Here’s the short version. A better, more lengthy piece posted at the July monthly BookNotes column and a list of favorite John Stott books

I thought that my ruminations about our trip to Calvin College for Marissa’s orientation there, our (once again, sorry) shout out to the Rich Mouw book about Abraham Kuyper, and a review of Taking Every Thought Captive: Forthy Years of the Christian Scholars Review edited by Don W. King (Abilene Christian University Press; $24.95) was getting a bit long so I allowed it to morph into a reflection piece more suitable for the longer form over at the BookNotes website monthly review column. 

And then we learned of the death of John Stott, which became an opportunity to offer my small bit of tribute, offer a few links about him that I thought you might appreciate and, yes, offer my top ten list of John Stott books.  But that became a top 15 (and one famous one didn’t even make the cut!)  The column grew longer, but I did not want to break it into two discreet pieces.  My testimony about Kuyper and my tribute to Stott are deeply entwined and I hope you read it all.

Here are just a few excepts of the longer essay.  Thanks for being a part of our work, fans of the bookstore and readers of astute Christian literature.  Now more than ever—with this trip to Grand Rapids rattling around my bones, deeply glad for the chance to visit with friends there, and mourning of the end of the John Stott era—I hope our store is known as a place you find faithful, relevant, and helpful.  As Dr. Stott has written, Your Mind Matters to God.  Read on!

Do you know that feeling after a long, long drive, returning home from a
far-away but greathighway-night.jpg event?  We are happy but exhausted from the white
lines (and orange cones) on the Pennsylvania Turnpike, eyes bleary and
body tense from navigating the late-night truck traffic.  On the Indiana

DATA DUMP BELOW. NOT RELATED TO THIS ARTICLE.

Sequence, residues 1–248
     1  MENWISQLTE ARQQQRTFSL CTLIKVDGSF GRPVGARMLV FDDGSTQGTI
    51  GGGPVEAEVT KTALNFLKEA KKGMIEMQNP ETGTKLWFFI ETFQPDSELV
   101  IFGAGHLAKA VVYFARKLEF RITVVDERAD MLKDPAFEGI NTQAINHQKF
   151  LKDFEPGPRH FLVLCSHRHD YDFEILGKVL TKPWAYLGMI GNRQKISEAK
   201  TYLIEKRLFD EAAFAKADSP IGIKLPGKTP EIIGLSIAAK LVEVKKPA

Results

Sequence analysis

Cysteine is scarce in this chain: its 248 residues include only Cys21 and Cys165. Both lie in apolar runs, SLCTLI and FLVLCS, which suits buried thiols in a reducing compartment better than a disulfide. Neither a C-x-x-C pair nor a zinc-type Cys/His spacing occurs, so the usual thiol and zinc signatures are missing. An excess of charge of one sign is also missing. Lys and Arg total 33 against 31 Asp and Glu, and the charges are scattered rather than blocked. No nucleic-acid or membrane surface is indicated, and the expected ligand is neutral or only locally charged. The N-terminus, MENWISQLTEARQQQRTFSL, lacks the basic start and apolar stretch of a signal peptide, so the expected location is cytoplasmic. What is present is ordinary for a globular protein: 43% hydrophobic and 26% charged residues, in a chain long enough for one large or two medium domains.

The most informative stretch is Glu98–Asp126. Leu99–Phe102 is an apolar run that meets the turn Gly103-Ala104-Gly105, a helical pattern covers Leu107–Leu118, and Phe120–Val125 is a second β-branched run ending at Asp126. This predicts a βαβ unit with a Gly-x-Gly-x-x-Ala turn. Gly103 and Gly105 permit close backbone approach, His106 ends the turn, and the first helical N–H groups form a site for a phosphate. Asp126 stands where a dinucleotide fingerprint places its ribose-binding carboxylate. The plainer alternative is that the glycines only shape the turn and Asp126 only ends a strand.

interstate,  right before the Ohio line, a billboard offered a rest
stop with chocolate “for the pain that is Ohio.”  Yep, these long,
tedious hours of flat Buckeye road offers time for thinking and talking.

Beth and I had just gone through a two-day parent introduction at Calvin College in Grand Rapids, Michigan, while our youngest daughter experienced her Calvin freshman orientation.  This Passport program
was spectacular, with fabulous fun and food and helpful information. 
We learned about the history of the school, John Calvin’s French accent,
saw brief video clips from scholars likes James K.A. Smith,and were
reminded of the cosmic scope of Christ’s redeeming restoration project
(and hence, the deeply integrated religious vision of teaching the arts
and the sciences for God’s glory and our neighbor’s good.) I leaned over
to Beth and said that I wanted to attend Calvin College!

On the
long ride home I pondered my own faith development, my own college
years decades ago, my frustration as a younger man wondering why those
who seemed most fired up about the gospel seemed so disinterested in the
world and its great hurts. In my mind I revisited our many years of
meeting students, selling books, including books written by people we
had met at the Calvin orientation, and how we still have—thank you,
Jesus!—a glimmer of our old idealistic vision that we can in some ways
change the world for the better as we nurture a Christian mind,
grounded in a Biblical worldview, enabling us to make connections
between our deepest convictions and the way we live….


….A brand new book—edited by an impressive team of scholars, including a
former CCO978-0-89112-547-1.jpg staffer and Kuyperian from Hope College named Todd Steen
(whose PhD in economics was taken at Harvard)—illustrates well the
ways in which evangelicals have been wrestling with the questions of
faith and learning, Christ and culture, piety and scholarship, for the
last nearly half a century.  Taking Every Thought Captive: Forty Years for the Christian Scholars Review, edited by the current editor of CSR,
the literature professor Don King of the PC(USA) affiliated Montreat
College along with Perry Glanzer, David Hoekema, Jerry Pattengale, Todd
Ream and Todd Steen (Abilene Christian University Press; $25.00.)  This
thick book deserves a more thorough review later, but it is essentially a
fantastic greatest hits collection of four decades of scholarly work
done from within an intentionally Christian framework.  (You know, even
if you don’t have all of a band’s many releases, if you care at all you
pick up the greatest hits album.)  There are pieces here spanning the
journal’s career and they are well selected.  Some of them are really
good to be in a book since the academic journal, CSR isn’t widely